The writing style is a bit difficult. Sedgewick ju
Sep 20, 2010 rated it it was amazing
This review has been hidden because it contains spoilers. To view it, click here.
Nov 26, 2015 rated it it was ok
Recommended to Linden by: The author's other work

Before there was written language, Sigurd's tribe, the Storn, lived a traditional life by the sea. Fishing and farming fed them, songs made a record of their history, healers kept most of them well, and the Lawspeaker gave them right actions and helped them honor the luck of successful lives.

This is how it was until Horn took the Lawspeaker's work from Sigurd's father. By chance some time later, they found a young girl living in a cave with wolves. Sigurd's family took her in and named her Mouse
Mar 17, 2010 rated it it was ok
Shelves: fantasy
This review has been hidden because it contains spoilers. To view it, click here.
Sep 23, 2014 rated it really liked it  ·  review of another edition
Shelves: 2014, l-teens-fiction
This story is about a boy called Sigurd and his 'sister' Mouse. Mouse is a girl who was found with wolves and they had taken back to the village with them, and asked Sig to be her brother. The first half of the book is about the discovery of a box. A simple wooden box which seems to be empty inside. The second half of the book is about The Dark Horse. These are warriors. It isn't until the very last few chapters of the book where it all falls into place and you find out who Mouse really is.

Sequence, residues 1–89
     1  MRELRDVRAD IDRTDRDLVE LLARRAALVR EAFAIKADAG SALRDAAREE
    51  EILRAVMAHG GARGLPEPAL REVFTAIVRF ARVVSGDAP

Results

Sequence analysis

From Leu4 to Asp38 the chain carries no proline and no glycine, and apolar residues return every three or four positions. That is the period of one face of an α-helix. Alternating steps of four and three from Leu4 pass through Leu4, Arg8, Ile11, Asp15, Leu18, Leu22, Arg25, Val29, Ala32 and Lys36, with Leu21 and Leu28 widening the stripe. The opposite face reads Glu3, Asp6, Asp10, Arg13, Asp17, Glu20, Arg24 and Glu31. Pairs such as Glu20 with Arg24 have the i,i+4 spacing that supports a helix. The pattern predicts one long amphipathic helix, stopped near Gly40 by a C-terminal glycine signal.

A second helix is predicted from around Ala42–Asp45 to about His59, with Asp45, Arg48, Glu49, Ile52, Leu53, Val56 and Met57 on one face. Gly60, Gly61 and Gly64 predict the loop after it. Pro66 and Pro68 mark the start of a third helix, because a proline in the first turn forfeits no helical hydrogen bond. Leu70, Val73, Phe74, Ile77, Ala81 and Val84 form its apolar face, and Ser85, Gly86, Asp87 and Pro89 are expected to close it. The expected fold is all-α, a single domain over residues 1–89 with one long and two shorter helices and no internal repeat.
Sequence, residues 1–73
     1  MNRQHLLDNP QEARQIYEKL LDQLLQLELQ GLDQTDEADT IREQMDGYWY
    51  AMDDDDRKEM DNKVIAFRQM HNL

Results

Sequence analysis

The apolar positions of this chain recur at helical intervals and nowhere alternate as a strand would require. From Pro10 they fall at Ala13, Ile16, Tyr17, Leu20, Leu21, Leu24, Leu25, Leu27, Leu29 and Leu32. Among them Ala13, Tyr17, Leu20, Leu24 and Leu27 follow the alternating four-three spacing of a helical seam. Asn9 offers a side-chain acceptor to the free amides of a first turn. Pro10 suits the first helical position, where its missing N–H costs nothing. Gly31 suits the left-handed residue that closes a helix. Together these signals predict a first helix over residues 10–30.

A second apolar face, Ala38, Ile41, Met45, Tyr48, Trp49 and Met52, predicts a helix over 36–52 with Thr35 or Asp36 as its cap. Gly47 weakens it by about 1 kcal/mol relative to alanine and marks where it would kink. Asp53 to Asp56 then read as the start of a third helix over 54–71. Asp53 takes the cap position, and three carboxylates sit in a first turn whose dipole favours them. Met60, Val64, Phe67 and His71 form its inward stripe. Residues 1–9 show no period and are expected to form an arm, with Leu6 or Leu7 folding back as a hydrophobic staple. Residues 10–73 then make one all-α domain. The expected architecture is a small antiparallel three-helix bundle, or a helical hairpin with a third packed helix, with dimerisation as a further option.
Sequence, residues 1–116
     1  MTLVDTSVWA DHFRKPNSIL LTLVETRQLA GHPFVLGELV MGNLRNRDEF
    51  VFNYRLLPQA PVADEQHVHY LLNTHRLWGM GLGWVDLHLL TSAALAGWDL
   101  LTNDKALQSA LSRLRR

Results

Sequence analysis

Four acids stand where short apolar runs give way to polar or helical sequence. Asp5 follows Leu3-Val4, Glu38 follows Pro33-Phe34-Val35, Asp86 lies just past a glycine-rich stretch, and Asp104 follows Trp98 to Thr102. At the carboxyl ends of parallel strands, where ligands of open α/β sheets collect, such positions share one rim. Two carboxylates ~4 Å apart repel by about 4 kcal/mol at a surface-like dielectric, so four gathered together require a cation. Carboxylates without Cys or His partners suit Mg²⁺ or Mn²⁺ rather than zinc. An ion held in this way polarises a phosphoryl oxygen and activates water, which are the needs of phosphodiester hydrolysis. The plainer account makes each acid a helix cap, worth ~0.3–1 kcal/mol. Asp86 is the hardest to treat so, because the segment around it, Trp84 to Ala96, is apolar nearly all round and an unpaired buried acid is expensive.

Shaz Lewins
Aug 02, 2013 rated it it was amazing  ·  review of another edition
This was the second book of Marcus Sedgwick the other one was Floodland(If you loved this book give Floodland a read)I loved this book and i loved how you had different chapters for Sigurd's . I only finshed today. The ended kinda spruised me I didn't think Mouse was like that. Half way in the book I thought Mouse was going to trun into a wolf but I am happy she didn't. I knew Sif & Sigurd was going to get married. It really shocked me of how many people died and how they died. This a must r ...more
Jan 09, 2009 rated it really liked it  ·  review of another edition
Set in an ancient community in the far north, this book is more about the relationship and mystery revolving around a foundling and her foster brother. When crops go bad and the village is threatened by raiders, it is Mouse whose dark secret decides the fate of everyone. The chapters are short so this is a fast read and there is a small amount of dark magic going on that gives the story a fantastic edge. All the characters make mistakes and several of them take some unexected turns. A good read.
Jan 05, 2011 rated it really liked it
This was a nice very fast-paced read. The story revolves around Sig and Mouse.
It underpins the cruelties of human nature such as the loss of those you love, betrayal from those you trust but also brings out leader-like qualities and courage to withstand the pain and continue on as demonstrated by protagonist, Sigmund. The ending was beautifully crafter, almost lyrical in a sense. Overall, a nice and enjoyable read.
Apr 19, 2015 rated it liked it